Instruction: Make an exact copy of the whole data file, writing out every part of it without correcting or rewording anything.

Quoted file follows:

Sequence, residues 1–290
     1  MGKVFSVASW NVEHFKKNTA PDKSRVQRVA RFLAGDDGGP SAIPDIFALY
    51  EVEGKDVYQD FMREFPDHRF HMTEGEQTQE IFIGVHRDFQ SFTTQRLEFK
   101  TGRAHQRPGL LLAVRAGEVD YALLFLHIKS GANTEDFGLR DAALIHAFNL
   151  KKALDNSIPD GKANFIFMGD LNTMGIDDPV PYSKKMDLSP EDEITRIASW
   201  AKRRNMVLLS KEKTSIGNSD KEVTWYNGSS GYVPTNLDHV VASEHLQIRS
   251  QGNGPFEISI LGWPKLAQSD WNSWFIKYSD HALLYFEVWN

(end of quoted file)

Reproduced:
Sequence, residues 1–290
     1  MGKVFSVASW NVEHFKKNTA PDKSRVQRVA RFLAGDDGGP SAIPDIFALY
    51  EVEGKDVYQD FMREFPDHRF HMTEGEQTQE IFIGVHRDFQ SFTTQRLEFK
   101  TGRAHQRPGL LLAVRAGEVD YALLFLHIKS GANTEDFGLR DAALIHAFNL
   151  KKALDNSIPD GKANFIFMGD LNTMGIDDPV PYSKKMDLSP EDEITRIASW
   201  AKRRNMVLLS KEKTSIGNSD KEVTWYNGSS GYVPTNLDHV VASEHLQIRS
   251  QGNGPFEISI LGWPKLAQSD WNSWFIKYSD HALLYFEVWN